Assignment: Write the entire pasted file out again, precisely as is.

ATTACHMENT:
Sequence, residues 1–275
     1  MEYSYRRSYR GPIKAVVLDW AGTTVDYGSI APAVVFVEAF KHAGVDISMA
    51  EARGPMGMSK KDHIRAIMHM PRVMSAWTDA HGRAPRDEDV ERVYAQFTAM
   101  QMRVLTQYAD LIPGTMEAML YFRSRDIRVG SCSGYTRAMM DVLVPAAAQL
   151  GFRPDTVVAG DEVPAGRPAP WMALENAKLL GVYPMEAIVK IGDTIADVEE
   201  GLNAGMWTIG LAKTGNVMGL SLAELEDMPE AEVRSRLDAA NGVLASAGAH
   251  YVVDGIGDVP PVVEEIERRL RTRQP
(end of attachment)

Sequence, residues 1–275
     1  MEYSYRRSYR GPIKAVVLDW AGTTVDYGSI APAVVFVEAF KHAGVDISMA
    51  EARGPMGMSK KDHIRAIMHM PRVMSAWTDA HGRAPRDEDV ERVYAQFTAM
   101  QMRVLTQYAD LIPGTMEAML YFRSRDIRVG SCSGYTRAMM DVLVPAAAQL
   151  GFRPDTVVAG DEVPAGRPAP WMALENAKLL GVYPMEAIVK IGDTIADVEE
   201  GLNAGMWTIG LAKTGNVMGL SLAELEDMPE AEVRSRLDAA NGVLASAGAH
   251  YVVDGIGDVP PVVEEIERRL RTRQP